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The Canadian economy grew a better-than-expected 0.2 percent in July compared to the previous month, Statistics Canada said on Friday.
Looking at year-over figures, Canada's economy grew at a less-than-expected 1.9 percent in July.
But economists say that beat in monthly growth will likely be overshadowed by a revision to June's GDP figure, which was revised down to 0.1 percent from 0.2 percent.
“The revisions to the prior month likely tempered the good news for July, suggesting a limited market reaction this release," says CIBC economist Emanuella Enenajor,
Manufacturing was a major contributor in July, expanding 0.6 percent after contracting by 0.7 percent in June.
Retail trade was also sharply higher in July, posting 0.6-percent growth after falling by 0.1 percent in June.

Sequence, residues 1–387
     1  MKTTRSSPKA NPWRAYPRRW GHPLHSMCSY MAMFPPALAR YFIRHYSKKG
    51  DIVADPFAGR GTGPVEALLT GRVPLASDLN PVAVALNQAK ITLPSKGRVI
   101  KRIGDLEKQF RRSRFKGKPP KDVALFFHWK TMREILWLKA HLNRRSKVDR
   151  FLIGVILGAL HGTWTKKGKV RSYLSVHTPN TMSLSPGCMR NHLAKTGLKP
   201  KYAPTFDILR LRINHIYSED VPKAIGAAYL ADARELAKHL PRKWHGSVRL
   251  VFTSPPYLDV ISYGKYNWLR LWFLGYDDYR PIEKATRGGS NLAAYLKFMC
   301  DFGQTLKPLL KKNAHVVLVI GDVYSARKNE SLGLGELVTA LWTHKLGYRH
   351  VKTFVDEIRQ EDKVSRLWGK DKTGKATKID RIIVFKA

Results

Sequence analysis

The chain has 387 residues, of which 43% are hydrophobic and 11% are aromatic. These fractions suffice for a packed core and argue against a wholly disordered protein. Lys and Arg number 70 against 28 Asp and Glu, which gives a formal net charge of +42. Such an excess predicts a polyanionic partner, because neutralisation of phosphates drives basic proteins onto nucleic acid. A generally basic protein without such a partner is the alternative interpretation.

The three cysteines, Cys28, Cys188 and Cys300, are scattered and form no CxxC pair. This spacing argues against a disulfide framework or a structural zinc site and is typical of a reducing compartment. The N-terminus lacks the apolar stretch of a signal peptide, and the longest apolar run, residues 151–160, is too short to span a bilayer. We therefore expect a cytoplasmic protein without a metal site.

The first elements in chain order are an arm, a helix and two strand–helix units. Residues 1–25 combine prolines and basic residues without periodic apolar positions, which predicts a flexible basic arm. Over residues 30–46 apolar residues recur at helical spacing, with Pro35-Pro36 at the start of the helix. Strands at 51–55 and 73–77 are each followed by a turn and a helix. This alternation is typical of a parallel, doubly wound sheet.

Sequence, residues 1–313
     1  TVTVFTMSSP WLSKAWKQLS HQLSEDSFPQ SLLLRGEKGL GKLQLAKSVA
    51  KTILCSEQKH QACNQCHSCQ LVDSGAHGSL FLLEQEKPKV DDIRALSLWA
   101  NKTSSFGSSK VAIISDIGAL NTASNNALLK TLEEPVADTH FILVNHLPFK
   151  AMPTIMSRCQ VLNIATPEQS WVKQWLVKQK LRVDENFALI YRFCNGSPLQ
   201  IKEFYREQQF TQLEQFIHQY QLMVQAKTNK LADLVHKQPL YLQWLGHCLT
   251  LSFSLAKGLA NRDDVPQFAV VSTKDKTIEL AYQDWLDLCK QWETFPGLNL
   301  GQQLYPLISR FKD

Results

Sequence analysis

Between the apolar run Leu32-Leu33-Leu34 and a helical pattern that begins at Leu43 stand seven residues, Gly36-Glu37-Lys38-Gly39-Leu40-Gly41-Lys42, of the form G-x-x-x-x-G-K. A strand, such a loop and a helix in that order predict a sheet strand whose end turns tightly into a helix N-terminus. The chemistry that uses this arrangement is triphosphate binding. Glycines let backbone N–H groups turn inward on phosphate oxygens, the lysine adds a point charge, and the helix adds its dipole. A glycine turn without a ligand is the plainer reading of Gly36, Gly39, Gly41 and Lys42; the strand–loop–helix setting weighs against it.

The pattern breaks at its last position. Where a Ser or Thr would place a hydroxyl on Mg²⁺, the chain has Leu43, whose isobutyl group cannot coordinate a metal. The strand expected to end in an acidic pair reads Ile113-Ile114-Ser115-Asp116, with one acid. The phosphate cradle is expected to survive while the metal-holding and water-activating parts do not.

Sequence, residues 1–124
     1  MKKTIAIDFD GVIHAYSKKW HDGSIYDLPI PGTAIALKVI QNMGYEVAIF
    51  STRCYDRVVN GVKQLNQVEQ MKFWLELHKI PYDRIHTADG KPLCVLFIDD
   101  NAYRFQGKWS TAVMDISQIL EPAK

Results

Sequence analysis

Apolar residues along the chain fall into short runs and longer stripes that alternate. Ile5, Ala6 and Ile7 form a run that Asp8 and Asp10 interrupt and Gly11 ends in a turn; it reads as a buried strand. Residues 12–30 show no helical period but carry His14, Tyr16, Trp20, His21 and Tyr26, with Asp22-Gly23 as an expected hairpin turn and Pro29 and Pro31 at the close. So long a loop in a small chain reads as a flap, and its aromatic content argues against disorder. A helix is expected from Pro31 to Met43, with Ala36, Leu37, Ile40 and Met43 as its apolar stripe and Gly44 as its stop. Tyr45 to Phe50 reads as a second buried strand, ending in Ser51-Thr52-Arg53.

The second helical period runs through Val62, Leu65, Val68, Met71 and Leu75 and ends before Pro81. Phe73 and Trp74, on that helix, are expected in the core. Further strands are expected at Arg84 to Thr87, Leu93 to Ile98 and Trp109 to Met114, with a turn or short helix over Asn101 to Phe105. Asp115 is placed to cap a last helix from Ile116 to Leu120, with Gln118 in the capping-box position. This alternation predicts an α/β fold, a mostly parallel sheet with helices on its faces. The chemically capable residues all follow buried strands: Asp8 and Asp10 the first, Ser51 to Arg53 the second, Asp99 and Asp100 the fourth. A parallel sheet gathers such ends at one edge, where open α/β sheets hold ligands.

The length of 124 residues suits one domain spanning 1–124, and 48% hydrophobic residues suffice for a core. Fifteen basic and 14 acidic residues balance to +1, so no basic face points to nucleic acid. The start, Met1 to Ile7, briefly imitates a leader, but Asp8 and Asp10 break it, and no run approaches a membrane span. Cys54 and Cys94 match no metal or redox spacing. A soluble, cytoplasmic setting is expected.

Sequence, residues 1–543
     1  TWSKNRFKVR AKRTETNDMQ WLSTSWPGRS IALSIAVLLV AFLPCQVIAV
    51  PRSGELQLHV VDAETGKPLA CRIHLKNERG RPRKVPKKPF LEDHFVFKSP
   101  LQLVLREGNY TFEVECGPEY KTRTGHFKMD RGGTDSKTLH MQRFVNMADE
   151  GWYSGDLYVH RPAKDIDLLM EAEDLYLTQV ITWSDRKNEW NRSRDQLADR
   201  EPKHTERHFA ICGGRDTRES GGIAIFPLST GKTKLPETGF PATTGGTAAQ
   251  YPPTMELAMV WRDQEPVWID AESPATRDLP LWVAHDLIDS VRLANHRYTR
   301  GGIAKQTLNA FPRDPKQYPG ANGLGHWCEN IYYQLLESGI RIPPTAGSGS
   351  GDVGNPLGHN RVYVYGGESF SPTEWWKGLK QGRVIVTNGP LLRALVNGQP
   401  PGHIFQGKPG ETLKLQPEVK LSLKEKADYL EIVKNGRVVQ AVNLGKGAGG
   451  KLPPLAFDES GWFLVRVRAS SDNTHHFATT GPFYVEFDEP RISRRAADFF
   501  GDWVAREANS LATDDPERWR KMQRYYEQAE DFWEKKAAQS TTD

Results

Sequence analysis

Activity in the construction sector fell 0.1 percent in July, led by a decline in both residential and non-residential construction.
And activity in the real estate market continues to slowdown, with output from real estate agents and brokers down 1.5 percent -- marking the third consecutive month of declines.
BMO economist Robert Kavcic says that while July's GDP figure was "better than expected, the Canadian economy will still be hard pressed to hit the Bank of Canada’s 2 percent growth forecast in Q3 -- our call for 1.6% growth remains unchanged."